Trafigura denied any waste was transported from the Netherlands, saying that the substances contained only tiny amounts of hydrogen sulphide, and that the company did not know the substance was to be disposed of improperly.
After two Trafigura officials who travelled to Ivory Coast to offer assistance were arrested and subsequently attacked in jail, the company paid US$198 million for cleanup to the Ivorian government, without admitting wrongdoing in early 2007. A series of protests and resignations of Ivorian government officials followed this deal.
Civil lawsuit in London
In 2008, a civil lawsuit in London was launched by almost 30, 000 Ivoirians against Trafigura. In May 2009, Trafigura announced it would sue the BBC for libel after its Newsnight programme alleged the company had knowingly sought to cover up its role in the incident.
In September 2009, The Guardian obtained and published internal Trafigura emails showing that the traders responsible knew how dangerous the chemicals were.
Trafigura agreed to a settlement of £30 million (US$42.4 million) to settle the class action suit against it. Law firm Leigh Day, which represented the Ivorian claimants, was found guilty of negligence after £6 million of the settlement funds were embezzled.”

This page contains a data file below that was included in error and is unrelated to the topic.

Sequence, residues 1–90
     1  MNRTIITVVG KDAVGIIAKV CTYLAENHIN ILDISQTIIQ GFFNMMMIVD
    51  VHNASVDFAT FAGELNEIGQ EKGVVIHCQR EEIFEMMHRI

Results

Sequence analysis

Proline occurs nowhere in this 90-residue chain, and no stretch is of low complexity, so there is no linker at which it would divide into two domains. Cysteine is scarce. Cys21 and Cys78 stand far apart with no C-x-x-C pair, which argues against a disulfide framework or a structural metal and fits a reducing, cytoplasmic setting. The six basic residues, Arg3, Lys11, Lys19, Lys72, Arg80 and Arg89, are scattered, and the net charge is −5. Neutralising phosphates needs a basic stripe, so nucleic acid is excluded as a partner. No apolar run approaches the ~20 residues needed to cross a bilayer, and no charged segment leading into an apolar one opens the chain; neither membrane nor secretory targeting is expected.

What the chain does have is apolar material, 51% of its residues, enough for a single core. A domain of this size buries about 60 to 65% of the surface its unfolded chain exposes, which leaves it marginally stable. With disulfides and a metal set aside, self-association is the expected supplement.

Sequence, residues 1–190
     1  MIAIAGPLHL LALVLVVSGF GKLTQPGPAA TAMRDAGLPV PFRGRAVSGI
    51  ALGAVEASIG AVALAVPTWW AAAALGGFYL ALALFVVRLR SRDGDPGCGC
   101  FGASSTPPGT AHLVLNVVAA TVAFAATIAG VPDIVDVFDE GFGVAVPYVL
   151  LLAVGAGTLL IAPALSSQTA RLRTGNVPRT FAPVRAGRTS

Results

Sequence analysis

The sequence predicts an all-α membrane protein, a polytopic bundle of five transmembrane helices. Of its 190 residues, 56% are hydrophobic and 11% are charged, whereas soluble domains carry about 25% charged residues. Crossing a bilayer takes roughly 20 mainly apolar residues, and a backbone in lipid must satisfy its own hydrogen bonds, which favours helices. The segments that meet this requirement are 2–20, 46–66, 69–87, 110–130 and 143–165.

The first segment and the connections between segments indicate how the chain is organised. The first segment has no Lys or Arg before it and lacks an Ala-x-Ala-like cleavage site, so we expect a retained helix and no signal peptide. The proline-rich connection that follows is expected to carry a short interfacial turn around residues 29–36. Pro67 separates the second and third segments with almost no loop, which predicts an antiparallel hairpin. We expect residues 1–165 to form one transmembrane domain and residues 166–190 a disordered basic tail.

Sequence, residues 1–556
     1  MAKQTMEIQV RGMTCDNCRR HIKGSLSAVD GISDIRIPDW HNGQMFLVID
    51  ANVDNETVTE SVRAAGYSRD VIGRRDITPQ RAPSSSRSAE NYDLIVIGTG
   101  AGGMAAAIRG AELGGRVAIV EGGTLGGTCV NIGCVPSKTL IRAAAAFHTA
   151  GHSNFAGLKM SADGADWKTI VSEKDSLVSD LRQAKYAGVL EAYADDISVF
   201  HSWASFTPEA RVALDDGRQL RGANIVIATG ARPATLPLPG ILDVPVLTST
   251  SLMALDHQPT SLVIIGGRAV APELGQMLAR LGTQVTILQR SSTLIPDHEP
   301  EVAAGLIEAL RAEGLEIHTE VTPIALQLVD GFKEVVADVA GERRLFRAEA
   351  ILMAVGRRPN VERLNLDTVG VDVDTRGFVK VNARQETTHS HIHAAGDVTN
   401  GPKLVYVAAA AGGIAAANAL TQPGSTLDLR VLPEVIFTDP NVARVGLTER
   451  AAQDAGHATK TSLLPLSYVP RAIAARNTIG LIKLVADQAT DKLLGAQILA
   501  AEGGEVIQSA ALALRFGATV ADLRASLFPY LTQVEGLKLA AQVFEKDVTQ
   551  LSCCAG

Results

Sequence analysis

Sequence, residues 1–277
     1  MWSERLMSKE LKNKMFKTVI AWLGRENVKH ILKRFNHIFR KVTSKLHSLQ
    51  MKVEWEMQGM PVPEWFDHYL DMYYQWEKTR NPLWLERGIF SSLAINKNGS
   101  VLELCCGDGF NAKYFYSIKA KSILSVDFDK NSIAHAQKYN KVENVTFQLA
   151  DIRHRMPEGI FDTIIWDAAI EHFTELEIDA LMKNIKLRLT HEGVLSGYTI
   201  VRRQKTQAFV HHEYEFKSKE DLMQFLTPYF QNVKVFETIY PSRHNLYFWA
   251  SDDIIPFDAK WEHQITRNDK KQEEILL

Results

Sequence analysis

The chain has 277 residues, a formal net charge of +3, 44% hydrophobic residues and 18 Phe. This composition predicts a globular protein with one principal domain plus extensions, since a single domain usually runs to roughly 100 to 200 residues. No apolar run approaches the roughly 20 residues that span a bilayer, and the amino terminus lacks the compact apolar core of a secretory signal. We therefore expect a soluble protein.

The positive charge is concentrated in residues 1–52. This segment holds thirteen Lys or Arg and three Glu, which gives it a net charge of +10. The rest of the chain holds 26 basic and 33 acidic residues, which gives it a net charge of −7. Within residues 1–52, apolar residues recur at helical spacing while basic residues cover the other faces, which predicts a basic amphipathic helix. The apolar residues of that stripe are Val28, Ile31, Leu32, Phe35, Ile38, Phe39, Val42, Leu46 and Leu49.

The people of Ivory Coast came together to act in the interest of their fellow citizens. People power works for just causes.
Recently in South Africa, people power forced an insurance company to pay the family of a murdered person his insured value. The dead man insured his life for R2 million, but when he was murdered by car hijackers, the insurance company refused to pay the dead person’s family on grounds that he had diabetes and BP.
There was an outcry by the entire nation against the insurance firm. I happened to be in South Africa at the time and almost all the radio and TV stations carried protest messages from the public. Social media as well was flooded with protests against the insurance company and the R2 million was immediately paid.
This was a true measure of people power. A whole nation rises to protest the right of its citizens. When corporations engage in corruption to conceal their crime or deny any citizen their right, it is right and the duty of every citizen to support the victims.
Corrupt the entire governance system
Multinational companies can corrupt the entire governance system of a country, but they cannot corrupt people power. We should not all act like some Zambian lawyers who are busy receiving dirty money to corrupt public officials to defeat the justice they are supposed to protect.
When the #tag command is given to boycott some filling stations in Zambia, we must act in unison. We must send a message to the multinationals that they cannot continue accusing our public institutions of corruption when they are the ones that initiate and sponsor the worst corruption.
Nothing stops people power. The oppressive South African apartheid regime crumbled when the people boycotted white businesses. People power works.